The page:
5. Take time to explain consents before they are signed. This can be done in person or via electronic consenting services but the importance of taking time to walk patients through the options presented to them and the statements they are expected to understand cannot be overemphasized.

6. Be thorough. Determine ahead of time what specific consents are needed at your clinic. For instance, if you have information on the ICSI or assisted hatching (AH) process embedded in each consent then a separate consent document just for ICSI and AH is not needed. Having one larger consent for each procedure rather than one small one for each step has been working better for us. It allows the patients to follow what will happen from start to finish in one document rather than signing multiple documents. Yes, some consents are lengthy and should be kept separate (like those for genetic testing). Make the consents lay out the plans of the patient for the cycle; for instance, how many embryos to thaw, what gender embryos to thaw, whether or not PGT is being done and for how many embryos.

7. Review and update consents regularly. If there are amounts for payment embedded into your consent or agreement documentation then keep it up to date. If your annual charge for cryopreserved specimens goes up and the consent signed by the patient states a lower value then there will be more questions from patients that must be addressed. Keep terminology up to date. If your consent documents use PGD instead of PGT then an update to the language in your consents is overdue. Regular review of consents is good laboratory practice and part of the accreditation requirements.

8. Learn from your past experiences. Think of those scenarios that arose in the past that could not be completely addressed by simply looking at the consent. For us it was the death of a patient that had clearly indicated to give their specimens to their partner upon death. In contact with the surviving partner, they desired to take ownership of the specimens but have not returned updated documentation after months. For that patient we wait (for now), but in our updated consents, we have now included a time frame in which documentation must be completed before specimens would be discarded.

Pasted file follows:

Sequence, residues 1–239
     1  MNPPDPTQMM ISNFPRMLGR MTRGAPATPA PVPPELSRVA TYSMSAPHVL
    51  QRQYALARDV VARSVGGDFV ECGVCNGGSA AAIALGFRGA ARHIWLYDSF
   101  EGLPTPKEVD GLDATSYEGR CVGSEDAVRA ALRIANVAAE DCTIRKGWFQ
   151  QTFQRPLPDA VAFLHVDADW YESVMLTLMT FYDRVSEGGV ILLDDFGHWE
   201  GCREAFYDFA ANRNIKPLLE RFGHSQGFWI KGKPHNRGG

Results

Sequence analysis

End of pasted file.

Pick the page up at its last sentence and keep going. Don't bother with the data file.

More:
9. Look over all consent documents for completeness after they are returned to the clinic in a timely manner. Have a dedicated individual or team of individuals that review consents for completeness when they are returned. There can be no elections left unchosen or signatures not signed. Even more critical is to make certain the patient(s) marked only one option when choices are to be made. There should be no ambiguity in the elections of the patient(s) once the document is completed. When preparing for a patient cycle the day before oocyte retrieval or embryo transfer is not the time to determine there are issues with the consents.

10. Build a complete consenting process that works. Have a few individuals that participate in and oversee the consent process from start to finish and require that they do it well with attention to detail. Make review of consents by laboratory staff second nature in the planning steps. There should be no ambiguity when it comes to what the laboratory (and clinic) is legally allowed to do based on the patient(s) consent. Diligently work through the entire consenting process to see where errors are being made (either by patients or clinic/laboratory staff) and strive to do better using a quality improvement approach.

There are no perfect consents as new technology comes about, legal requirements get altered, patient relationships become complex and there is a stream of “well, this never happened before’s’’ that will arise right after you update your consents. The goal of a quality consent document should be to clearly present the primary points of general expectations, risks, options and obligations and that once signed, clearly details to clinic and laboratory staff the wishes of the patient(s) and their understanding of the procedures they are giving consent to. There should be clarity for the staff when the consent process is started with the development of a good consent document and carried through with attention to detail.